The request came amid increasing pressure from foreign governments, particularly the US, to see Rainsy return before the elections. Just last week, US lawmakers called for cuts to aid at a congressional hearing should the election not be “free and fair”.
Speaking to reporters Saturday following a closed-door meeting with US charge d’affairs, Jeff Daigle, Foreign Minister Hor Namhong stressed that the government’s decision had nothing to do with the backlash.
“I told Mr [Daigle] that all these points proved that the Cambodian People’s Party and Samdech Techo Hun Sen know very clearly how to resolve its problem, how to resolve the national unity, how to make an election democratic, free and just,” Namhong said. “There is no need for an intervention from abroad, no need for a lesson from abroad. We know how to do it by ourselves. We know how to be the owner of ourselves.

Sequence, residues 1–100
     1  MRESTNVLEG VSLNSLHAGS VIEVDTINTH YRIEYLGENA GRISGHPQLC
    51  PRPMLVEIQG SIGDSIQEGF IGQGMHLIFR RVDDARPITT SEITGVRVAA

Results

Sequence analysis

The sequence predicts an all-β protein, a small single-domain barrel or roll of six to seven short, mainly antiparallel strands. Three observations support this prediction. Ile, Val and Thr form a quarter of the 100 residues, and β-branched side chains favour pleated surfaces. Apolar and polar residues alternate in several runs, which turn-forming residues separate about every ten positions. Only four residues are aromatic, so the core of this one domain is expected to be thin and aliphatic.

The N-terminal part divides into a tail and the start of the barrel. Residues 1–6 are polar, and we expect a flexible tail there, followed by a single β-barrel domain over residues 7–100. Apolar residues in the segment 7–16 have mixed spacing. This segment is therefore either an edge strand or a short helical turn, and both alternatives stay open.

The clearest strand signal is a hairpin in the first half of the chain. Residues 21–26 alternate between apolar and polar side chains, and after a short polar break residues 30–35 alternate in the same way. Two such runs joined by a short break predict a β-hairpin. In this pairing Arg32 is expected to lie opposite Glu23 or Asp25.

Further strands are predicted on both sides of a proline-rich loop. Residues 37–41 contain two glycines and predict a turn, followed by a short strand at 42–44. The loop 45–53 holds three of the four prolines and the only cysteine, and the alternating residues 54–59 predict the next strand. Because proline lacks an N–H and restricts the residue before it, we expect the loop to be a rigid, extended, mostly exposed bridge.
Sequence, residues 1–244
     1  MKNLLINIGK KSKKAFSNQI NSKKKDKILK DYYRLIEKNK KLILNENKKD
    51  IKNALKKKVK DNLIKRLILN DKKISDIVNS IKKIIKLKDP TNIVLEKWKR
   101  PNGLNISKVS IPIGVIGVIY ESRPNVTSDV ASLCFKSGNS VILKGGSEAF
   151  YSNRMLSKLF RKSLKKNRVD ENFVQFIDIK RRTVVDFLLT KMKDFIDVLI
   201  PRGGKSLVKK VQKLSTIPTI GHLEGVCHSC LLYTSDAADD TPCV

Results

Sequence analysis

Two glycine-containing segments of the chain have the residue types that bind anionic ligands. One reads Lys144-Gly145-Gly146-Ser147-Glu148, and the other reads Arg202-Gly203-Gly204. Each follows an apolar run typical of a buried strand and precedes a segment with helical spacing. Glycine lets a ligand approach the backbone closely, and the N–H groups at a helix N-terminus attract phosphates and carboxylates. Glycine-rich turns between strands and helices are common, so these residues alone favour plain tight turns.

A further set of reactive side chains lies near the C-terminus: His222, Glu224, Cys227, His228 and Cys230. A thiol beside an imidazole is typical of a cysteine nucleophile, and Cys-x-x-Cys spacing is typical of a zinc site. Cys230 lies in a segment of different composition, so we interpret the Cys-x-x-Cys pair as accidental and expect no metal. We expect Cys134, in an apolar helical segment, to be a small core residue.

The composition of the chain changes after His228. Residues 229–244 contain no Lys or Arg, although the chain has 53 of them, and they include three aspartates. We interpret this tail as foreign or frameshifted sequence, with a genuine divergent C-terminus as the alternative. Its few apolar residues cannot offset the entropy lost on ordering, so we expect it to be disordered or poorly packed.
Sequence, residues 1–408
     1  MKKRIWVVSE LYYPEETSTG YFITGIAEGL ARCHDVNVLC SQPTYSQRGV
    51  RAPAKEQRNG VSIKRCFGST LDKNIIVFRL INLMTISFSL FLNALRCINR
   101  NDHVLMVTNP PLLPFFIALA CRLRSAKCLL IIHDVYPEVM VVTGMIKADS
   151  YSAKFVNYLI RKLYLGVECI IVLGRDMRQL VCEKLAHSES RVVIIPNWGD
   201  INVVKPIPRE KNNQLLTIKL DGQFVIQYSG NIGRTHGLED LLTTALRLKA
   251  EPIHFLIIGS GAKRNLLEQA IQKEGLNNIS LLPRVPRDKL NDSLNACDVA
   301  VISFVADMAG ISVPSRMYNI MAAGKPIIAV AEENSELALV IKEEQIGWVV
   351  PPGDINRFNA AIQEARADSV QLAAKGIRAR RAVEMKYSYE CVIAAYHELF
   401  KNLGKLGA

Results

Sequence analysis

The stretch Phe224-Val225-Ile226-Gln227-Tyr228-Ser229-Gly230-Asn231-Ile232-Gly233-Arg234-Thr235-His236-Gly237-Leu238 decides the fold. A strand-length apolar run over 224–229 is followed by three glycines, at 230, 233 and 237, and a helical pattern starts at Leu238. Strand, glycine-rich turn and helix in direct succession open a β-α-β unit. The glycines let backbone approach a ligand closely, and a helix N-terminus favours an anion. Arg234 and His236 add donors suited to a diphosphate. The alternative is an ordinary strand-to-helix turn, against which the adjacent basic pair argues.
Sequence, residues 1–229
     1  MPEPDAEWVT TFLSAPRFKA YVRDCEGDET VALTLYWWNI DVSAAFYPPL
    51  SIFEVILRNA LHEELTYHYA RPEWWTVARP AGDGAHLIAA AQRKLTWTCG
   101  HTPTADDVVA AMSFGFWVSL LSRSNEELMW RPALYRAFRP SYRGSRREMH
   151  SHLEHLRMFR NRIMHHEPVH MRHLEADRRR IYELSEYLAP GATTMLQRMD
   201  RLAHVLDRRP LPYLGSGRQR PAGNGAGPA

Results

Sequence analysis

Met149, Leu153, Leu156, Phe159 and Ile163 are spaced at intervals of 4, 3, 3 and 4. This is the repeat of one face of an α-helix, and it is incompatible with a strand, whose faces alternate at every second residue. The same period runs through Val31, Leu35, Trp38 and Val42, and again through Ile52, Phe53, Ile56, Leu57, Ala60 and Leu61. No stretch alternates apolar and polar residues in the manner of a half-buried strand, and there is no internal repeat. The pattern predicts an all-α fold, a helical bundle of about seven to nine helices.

“I also asked the US government to have their vision of Cambodia based on the reality in Cambodia. Do not look at Cambodia through opposition media, do not look at Cambodia through the opposition party,” he continued.
State Department spokeswoman Jen Psaki said in a Friday press briefing in Washington, DC, that the US welcomed “the decision to accept the Prime Minister’s recommendation of a royal pardon for opposition leader Sam Rainsy to return to Cambodia without incarceration”.
“We call on the Cambodian government to facilitate a safe environment for his return and allow for his meaningful and unfettered participation in the elections,” she continued, adding that while Rainsy’s return would be “a significant step in the right direction”, there was more to be done.
But if the embattled opposition head is not permitted to run, it is unclear whether the same governments that had been pushing for “free and fair” elections could consider them such.
The US embassy did not respond to questions regarding that possibility, but earlier in the day spokesman Sean McIntosh echoed Psaki’s statement calling the pardon “a significant step in the right direction for Cambodia’s democratic development”.